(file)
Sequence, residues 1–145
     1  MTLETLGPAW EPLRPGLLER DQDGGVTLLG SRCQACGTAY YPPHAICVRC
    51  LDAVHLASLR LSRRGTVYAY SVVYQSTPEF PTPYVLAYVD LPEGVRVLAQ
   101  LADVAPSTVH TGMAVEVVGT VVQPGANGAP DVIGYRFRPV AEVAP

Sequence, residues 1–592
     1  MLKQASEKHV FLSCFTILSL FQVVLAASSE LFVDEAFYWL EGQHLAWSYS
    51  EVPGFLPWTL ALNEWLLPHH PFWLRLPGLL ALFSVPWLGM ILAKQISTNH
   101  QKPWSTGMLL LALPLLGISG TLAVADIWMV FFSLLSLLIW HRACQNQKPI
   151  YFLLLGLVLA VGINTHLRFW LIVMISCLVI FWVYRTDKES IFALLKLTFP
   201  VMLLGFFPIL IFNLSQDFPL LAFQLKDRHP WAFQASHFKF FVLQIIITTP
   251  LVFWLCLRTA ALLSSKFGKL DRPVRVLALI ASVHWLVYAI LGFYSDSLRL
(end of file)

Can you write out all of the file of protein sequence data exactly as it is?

Sequence, residues 1–145
     1  MTLETLGPAW EPLRPGLLER DQDGGVTLLG SRCQACGTAY YPPHAICVRC
    51  LDAVHLASLR LSRRGTVYAY SVVYQSTPEF PTPYVLAYVD LPEGVRVLAQ
   101  LADVAPSTVH TGMAVEVVGT VVQPGANGAP DVIGYRFRPV AEVAP

Sequence, residues 1–592
     1  MLKQASEKHV FLSCFTILSL FQVVLAASSE LFVDEAFYWL EGQHLAWSYS
    51  EVPGFLPWTL ALNEWLLPHH PFWLRLPGLL ALFSVPWLGM ILAKQISTNH
   101  QKPWSTGMLL LALPLLGISG TLAVADIWMV FFSLLSLLIW HRACQNQKPI
   151  YFLLLGLVLA VGINTHLRFW LIVMISCLVI FWVYRTDKES IFALLKLTFP
   201  VMLLGFFPIL IFNLSQDFPL LAFQLKDRHP WAFQASHFKF FVLQIIITTP
   251  LVFWLCLRTA ALLSSKFGKL DRPVRVLALI ASVHWLVYAI LGFYSDSLRL